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Interesting doc provides a tour of Armstrong’s lies

By Peter Hartlaub
San Francisco Chronicle

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    ‘The Armstrong Lie’

    Grade: B+
    STARS: Lance Armstrong, Frankie Andreu and Michele Ferrari.

    DIRECTOR: Alex Gibney.

    RUNNING TIME: 122 minutes.

    RATING: R (language).



“There are no secrets here. We have the oldest secret in the book: hard work.”

That’s just one of the falsehoods that spewed from Lance Armstrong’s mouth, as he built his comeback story with a seemingly endless series of look-straight-into-the-camera lies. The untruths are so audacious – Armstrong was even willing to destroy truth-tellers with his lies – that it’s easy to ignore the human story and get caught up in the outrage.

Alex Gibney avoids that pitfall, beginning “The Armstrong Lie” by asking why Armstrong was willing to risk returning to the Tour de France in 2009, for a final round of lies that would lead to all the others being exposed. The documentarian doesn’t fully answer that question, but his approach is an asset, making the heavily mined ground feel fresh again.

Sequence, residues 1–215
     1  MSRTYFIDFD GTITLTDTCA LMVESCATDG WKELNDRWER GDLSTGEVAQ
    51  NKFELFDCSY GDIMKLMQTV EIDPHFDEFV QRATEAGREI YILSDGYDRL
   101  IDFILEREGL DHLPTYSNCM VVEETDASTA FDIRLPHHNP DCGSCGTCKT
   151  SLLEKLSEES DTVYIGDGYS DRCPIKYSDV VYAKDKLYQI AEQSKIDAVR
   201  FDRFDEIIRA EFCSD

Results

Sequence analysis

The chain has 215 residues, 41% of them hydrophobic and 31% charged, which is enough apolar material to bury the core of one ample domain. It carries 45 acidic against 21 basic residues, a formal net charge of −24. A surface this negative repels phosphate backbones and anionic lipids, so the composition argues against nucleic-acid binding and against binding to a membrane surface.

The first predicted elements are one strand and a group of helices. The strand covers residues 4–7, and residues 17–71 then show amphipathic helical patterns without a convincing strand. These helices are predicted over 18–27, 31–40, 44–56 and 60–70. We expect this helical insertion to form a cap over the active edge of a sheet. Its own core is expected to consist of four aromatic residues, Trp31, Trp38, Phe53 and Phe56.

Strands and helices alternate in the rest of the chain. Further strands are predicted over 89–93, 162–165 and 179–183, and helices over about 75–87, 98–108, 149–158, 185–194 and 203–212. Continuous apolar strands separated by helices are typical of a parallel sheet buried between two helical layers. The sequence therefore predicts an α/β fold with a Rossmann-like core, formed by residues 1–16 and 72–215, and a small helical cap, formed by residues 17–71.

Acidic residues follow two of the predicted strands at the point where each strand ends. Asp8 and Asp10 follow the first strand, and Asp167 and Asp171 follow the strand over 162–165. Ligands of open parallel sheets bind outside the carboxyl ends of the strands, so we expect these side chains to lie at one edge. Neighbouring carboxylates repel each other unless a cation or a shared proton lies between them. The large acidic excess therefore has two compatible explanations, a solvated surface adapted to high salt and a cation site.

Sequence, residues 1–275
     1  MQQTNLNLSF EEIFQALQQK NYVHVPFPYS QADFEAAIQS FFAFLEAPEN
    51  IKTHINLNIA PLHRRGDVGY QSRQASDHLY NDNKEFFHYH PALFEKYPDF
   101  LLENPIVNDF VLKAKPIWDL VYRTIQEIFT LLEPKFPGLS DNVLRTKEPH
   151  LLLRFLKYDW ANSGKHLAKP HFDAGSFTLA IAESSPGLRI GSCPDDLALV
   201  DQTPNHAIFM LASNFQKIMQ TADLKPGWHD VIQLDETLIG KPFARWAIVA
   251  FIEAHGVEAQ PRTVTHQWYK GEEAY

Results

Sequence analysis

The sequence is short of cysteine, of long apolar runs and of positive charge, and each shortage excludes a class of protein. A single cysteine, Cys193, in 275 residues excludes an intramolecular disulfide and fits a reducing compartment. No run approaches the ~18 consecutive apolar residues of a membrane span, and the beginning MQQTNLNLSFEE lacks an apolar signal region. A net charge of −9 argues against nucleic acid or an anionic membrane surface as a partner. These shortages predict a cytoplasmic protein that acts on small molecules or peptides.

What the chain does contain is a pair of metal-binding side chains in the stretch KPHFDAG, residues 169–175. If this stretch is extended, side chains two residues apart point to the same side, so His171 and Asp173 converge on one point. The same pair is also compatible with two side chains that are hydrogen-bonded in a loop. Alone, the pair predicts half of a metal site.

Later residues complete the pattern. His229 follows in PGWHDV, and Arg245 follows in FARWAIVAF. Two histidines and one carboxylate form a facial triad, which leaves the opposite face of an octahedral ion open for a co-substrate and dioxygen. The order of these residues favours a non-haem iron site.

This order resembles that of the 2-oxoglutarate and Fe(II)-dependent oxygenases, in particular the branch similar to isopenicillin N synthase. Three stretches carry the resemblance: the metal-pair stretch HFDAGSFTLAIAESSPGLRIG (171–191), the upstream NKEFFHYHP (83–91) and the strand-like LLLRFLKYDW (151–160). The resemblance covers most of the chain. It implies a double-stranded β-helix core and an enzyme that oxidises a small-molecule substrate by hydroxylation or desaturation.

Gibney is in an interesting position. The filmmaker had followed Armstrong during his 2009 comeback and admits getting a little swept up in the story. As someone who came to admire the rider after tailing him extensively, Gibney has a unique insight (along with a ton of unused footage). But as a prolific and reputable maker of well-crafted films, he has the talent and experience to handle the material with relative objectivity. Gibney doesn’t seem angry that Armstrong lied to him. He approaches the turn of events with fascination.

“The Armstrong Lie” ably gives the context for Armstrong’s cheating, comparing the bicycle riders and their blood doping suppliers to NASCAR mechanics trying to gain advantage through tuning. Armstrong’s alleged doping mastermind is interviewed. The whistle-blowers who turned on Armstrong are profiled, often with their own flaws emerging. Armstrong still acted like a demon, but it becomes clear there were very, very few angels associated with the sport in the 1990s and early 2000s.

The former champion doesn’t come off any worse by the end of the film – how could he, absent some unseen Gibney footage of the bicyclist clubbing a baby seal with a tire pump? But Gibney does take a clinical approach toward holding the athlete accountable, including an interview of Armstrong, moments after his 2013 TV appearance with Oprah Winfrey.

None of the athlete’s words really answer Gibney’s central question. Perhaps we’re just supposed to see it in his eyes. It is clear that Armstrong in 2013 sincerely regrets his actions. Whether he’s really sorry for doing wrong, or just letting himself get caught so unnecessarily, is something we'll probably never know for sure.

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